It is also an object of the invention to blow mold particular parts for automotive applications, which has heretofore been impractical.
In one embodiment, a substantially hollow, integrally formed radiator and light support structure for a motor vehicle is formed from at least one thermoplastic material and reinforcement particles dispersed within the at least one thermoplastic material. The reinforcement particles comprise less than 15% of a total volume of the integrally formed radiator and light support structure, at least 50% of the reinforcement particles have a thickness of less than about 20 nanometers, and at least 99% of the reinforcement particles have a thickness of less than about 30 nanometers. The structure comprises a radiator frame portion, having apertures for securing a motor vehicle radiator to the support structure. A pair of light receiving recesses of the support structure are constructed and arranged to mount headlights for the motor vehicle. The recesses have apertures for receiving electrical connecting portions of the lights.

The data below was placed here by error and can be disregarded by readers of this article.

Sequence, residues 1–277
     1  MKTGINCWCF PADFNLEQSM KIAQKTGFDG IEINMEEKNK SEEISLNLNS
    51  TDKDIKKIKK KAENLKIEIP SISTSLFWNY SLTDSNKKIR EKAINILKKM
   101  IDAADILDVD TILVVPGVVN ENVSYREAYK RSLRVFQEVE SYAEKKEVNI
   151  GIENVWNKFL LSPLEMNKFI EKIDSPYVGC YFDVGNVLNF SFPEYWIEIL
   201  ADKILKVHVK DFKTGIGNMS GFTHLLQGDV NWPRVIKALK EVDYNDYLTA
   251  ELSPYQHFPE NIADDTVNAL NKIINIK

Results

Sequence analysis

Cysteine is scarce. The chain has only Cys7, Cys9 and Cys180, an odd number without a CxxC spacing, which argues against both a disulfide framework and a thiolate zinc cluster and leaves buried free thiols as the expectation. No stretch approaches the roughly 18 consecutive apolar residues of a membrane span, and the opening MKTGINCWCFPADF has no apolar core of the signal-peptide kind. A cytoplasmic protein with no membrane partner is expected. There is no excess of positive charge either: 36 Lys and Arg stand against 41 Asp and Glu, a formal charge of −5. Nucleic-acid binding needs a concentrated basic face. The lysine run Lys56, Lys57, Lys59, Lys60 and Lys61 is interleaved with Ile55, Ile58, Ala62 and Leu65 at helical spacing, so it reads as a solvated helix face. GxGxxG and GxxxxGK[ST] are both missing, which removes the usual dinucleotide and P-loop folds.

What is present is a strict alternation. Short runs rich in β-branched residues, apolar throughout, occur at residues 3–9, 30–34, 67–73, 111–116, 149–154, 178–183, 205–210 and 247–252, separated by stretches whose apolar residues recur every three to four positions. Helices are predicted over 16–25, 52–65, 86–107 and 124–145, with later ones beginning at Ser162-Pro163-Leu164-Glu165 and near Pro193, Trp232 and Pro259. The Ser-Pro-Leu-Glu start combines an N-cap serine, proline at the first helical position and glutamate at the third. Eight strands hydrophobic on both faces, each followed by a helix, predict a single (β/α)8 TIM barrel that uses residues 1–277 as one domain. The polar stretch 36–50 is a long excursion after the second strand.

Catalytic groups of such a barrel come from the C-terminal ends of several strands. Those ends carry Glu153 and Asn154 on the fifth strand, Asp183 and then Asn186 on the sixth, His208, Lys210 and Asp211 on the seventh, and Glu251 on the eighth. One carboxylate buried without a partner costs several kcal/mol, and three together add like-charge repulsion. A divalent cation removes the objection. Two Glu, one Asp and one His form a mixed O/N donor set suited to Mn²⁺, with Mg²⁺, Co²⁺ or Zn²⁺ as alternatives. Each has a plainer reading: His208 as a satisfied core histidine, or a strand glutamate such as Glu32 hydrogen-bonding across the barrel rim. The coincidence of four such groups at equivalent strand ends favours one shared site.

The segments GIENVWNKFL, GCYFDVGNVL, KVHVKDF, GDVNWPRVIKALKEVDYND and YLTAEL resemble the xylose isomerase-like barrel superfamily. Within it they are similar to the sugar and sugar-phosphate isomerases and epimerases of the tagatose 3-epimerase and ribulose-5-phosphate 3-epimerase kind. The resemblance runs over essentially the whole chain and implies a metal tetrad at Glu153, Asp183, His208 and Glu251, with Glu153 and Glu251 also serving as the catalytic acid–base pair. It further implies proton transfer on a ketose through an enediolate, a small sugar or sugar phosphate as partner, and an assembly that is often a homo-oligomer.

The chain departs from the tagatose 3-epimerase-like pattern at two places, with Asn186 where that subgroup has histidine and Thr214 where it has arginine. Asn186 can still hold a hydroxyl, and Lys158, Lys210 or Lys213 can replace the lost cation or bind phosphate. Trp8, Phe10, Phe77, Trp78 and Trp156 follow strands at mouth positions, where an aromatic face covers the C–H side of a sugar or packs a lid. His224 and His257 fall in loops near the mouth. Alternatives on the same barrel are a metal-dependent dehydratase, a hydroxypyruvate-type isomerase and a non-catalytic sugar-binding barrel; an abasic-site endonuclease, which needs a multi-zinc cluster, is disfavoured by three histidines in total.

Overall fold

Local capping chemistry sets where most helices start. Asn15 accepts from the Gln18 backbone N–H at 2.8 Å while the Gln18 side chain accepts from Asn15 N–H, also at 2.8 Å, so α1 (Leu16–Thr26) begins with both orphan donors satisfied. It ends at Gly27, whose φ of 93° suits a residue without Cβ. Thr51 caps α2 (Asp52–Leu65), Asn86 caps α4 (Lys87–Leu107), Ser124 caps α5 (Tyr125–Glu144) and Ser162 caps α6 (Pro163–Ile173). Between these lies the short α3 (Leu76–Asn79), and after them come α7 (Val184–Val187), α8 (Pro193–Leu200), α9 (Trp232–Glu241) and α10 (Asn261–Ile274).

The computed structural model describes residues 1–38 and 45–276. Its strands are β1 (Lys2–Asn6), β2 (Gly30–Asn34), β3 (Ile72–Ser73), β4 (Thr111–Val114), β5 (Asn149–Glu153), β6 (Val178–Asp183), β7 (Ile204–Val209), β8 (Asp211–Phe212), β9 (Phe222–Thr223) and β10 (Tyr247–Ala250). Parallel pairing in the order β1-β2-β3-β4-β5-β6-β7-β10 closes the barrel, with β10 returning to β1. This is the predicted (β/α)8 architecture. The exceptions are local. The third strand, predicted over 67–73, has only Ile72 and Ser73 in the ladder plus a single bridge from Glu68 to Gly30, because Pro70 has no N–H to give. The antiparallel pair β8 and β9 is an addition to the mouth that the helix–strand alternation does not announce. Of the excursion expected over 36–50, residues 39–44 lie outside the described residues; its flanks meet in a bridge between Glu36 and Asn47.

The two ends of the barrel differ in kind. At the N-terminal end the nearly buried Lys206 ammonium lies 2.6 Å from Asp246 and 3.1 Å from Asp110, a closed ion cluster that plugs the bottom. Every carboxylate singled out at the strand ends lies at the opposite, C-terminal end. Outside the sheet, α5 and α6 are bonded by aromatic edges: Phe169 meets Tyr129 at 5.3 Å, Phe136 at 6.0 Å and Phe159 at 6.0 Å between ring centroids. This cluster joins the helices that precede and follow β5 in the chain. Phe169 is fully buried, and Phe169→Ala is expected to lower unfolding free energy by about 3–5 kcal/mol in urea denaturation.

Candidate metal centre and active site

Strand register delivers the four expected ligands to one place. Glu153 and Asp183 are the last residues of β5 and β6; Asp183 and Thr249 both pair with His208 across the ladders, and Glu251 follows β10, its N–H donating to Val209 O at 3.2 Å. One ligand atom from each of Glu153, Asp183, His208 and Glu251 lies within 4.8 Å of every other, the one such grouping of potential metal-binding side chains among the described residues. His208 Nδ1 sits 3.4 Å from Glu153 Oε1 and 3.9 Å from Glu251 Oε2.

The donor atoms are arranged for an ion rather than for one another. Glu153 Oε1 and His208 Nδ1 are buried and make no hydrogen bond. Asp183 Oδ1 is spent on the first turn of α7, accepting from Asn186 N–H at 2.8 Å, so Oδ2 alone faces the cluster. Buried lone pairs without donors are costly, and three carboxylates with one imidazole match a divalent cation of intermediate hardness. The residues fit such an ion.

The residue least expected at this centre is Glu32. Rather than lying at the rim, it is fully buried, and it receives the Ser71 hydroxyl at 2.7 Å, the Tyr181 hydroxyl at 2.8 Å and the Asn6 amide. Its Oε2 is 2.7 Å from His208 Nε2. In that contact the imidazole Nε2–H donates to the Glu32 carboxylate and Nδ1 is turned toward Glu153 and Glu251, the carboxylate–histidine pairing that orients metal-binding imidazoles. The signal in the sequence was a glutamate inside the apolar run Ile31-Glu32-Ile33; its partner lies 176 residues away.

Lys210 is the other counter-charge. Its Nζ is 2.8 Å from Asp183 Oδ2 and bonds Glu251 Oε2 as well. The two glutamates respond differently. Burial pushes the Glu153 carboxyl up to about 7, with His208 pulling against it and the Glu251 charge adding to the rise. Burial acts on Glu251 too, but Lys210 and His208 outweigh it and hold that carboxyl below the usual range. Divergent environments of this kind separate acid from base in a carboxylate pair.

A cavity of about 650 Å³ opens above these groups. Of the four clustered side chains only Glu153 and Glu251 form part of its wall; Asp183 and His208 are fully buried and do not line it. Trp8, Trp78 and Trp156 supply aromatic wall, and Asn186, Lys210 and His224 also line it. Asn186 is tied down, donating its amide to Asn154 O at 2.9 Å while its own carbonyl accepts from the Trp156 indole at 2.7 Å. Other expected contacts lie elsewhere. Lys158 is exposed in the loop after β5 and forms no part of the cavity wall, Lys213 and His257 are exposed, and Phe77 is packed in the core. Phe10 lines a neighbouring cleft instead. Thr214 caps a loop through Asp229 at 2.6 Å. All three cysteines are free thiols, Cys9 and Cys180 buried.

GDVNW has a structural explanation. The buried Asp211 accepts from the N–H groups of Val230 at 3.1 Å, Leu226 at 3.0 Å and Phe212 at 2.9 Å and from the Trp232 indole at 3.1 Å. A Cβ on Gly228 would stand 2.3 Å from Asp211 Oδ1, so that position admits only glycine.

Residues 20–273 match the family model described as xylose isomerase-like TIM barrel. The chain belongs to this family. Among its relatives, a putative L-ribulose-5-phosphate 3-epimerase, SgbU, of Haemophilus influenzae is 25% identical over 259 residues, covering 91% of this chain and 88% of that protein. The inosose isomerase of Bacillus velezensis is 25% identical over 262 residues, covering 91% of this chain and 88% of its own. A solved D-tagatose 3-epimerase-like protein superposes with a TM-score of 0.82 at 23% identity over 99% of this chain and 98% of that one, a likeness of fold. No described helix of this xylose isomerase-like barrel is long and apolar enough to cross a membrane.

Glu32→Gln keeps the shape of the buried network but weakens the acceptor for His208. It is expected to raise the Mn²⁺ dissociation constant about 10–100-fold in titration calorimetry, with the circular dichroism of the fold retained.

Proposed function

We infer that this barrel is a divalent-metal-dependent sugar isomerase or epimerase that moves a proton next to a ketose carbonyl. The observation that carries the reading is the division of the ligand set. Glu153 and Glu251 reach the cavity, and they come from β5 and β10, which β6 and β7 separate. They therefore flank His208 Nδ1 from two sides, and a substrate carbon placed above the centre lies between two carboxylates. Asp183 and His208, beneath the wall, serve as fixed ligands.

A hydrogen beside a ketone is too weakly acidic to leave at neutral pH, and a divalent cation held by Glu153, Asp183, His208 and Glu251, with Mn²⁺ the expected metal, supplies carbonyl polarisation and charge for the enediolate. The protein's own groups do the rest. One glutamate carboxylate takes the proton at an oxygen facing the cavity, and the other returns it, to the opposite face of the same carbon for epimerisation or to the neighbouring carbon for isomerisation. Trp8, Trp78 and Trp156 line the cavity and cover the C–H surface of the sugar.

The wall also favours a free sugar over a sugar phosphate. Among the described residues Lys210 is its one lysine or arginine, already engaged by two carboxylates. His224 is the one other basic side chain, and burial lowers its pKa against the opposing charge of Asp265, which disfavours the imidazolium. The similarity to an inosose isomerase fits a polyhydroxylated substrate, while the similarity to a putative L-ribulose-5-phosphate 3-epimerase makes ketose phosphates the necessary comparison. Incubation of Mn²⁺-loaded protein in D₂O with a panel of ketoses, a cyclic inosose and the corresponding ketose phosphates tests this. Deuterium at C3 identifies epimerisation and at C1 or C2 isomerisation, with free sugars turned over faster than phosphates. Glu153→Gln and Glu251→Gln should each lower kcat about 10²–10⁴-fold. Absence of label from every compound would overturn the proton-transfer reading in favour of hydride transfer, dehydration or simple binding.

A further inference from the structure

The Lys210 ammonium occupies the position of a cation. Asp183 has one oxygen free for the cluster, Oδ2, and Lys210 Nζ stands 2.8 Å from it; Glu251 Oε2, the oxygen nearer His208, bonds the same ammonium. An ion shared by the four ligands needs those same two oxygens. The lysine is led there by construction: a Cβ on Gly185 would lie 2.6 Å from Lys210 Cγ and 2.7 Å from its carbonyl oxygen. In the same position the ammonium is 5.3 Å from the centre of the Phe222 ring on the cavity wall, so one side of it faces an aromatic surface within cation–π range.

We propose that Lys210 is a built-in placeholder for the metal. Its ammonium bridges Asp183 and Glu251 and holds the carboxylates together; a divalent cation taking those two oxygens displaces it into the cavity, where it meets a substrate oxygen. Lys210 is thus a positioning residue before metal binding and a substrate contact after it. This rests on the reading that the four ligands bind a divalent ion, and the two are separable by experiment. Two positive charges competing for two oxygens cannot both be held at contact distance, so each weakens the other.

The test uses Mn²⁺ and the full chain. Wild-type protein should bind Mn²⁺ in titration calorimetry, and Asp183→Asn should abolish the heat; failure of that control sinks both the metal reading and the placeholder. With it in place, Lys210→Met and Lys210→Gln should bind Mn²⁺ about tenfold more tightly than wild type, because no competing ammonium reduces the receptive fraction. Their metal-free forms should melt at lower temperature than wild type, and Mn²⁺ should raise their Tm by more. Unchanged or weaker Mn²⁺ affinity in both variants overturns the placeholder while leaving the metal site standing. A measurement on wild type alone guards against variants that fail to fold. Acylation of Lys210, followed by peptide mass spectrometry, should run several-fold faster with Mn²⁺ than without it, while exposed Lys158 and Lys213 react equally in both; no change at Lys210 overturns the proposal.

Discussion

In another embodiment, there is provided a hollow, sealed front end bumper that comprises at least one thermoplastic material and reinforcement particles dispersed within the at least one thermoplastic material. The reinforcement particles comprise less than 15% of a total volume of the bumper, at least 50% of the reinforcement particles have a thickness of less than about 20 nanometers, and at least 99% of the reinforcement particles having a thickness of less than about 30 nanometers. A fluid consuming component is constructed and arranged to be mounted on and used by the motor vehicle. A conduit communicates the fluid consuming component with the sealed interior of the hollow bumper, thus permitting said hollow sealed bumper to serve as a fluid reservoir for the fluid consuming component.